The Language of Spinning

My latest project, chronicled in my designer group on Ravelry, deals with spindle whorls. Not just any spindle whorls, OLD spindle whorls. Digging through archaeological records has been an awesome blast into the past (both mine and the history of the craft)!

Many of the whorls I’ve been looking at have either been on auction sites or in foreign museums. While Google so generously translates many of the pages, now, I’ve been discovering a fatal flaw: it doesn’t know many knitting or spinning terms. It seems baffled when it comes across a spindle or a whorl or a spinning wheel, and a good deal of the time I find myself rushing to copy and paste into a translation website (often another failed adventure) or popping on Ravelry and asking for translation help.

Ravelry is, as always, a treasure trove.

The Swedish word for spindle whorl? Sländtrissa. It’s a compound word. Slända is spindle (the spinning kind, not the manufacturing kind) and trissa is disk. A spindle disk. And the Swedish (particularly Sami) whorls? Yep, you guessed it. They’re the flat kind of whorl (vice the ball or other more unusual shapes).

Arabic? They use the same word for spinning wheel and spindle, as far as I can find. Mighzal (mim, ghayn, zin, lam, for those following along… I need to get this thing set up for some Arabic!)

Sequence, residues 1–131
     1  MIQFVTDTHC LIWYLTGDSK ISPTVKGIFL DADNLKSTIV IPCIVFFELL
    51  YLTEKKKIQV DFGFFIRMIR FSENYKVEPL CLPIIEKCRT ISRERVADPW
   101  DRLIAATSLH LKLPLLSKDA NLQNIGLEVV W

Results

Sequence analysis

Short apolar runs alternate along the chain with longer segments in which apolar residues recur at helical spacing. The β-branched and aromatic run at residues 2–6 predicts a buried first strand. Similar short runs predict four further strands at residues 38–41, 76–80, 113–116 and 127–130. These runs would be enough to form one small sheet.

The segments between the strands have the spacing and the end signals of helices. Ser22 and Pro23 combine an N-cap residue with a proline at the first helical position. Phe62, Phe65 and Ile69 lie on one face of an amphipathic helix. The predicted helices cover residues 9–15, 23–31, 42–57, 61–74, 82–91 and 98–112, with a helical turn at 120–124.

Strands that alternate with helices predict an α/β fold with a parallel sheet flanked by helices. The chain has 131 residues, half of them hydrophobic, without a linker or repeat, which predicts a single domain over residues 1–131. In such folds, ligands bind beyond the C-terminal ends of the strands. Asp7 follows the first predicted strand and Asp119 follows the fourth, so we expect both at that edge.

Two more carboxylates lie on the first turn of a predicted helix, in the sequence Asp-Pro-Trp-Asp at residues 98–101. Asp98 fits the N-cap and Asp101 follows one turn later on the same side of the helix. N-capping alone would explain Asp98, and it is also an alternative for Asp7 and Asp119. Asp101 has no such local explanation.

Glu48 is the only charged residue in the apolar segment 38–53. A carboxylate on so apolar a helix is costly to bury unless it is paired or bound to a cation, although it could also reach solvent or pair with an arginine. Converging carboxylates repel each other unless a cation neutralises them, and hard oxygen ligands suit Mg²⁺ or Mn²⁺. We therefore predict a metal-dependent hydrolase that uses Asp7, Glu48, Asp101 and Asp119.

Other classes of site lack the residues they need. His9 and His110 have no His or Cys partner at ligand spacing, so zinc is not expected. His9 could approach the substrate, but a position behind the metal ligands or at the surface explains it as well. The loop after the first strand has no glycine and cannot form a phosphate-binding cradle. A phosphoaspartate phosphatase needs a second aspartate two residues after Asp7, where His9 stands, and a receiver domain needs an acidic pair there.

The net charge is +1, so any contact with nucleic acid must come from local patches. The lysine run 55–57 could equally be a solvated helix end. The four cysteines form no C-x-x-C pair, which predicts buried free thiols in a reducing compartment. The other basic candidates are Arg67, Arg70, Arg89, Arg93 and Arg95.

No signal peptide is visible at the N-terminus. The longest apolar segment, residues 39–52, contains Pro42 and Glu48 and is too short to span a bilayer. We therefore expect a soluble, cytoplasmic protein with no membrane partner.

I want a phrasebook geared just for fiber crafts, with a section for a dozen different languages. Pick up the book, and you can finally knit that amazing German pattern, or figure out what that old Latvian chart direction is saying, or heck, maybe try to do some Japanese crochet patterns. The research that would be involved in such a thing would be immense, but the gratitude of millions of befuddled knitters… now THAT would be a prize.

2 thoughts on “The Language of Spinning

  1. Marcy Habetrot

    “Arabic? They use the same word for spinning wheel and spindle, as far as I can find.”

    Yah, I’ve run into that a few times, too. My guess is that they’re just using a generic term for tool that makes yarn.

    Hey, when you’ve gotten that phrasebook compiled, you’ll let us all know, won’t you?

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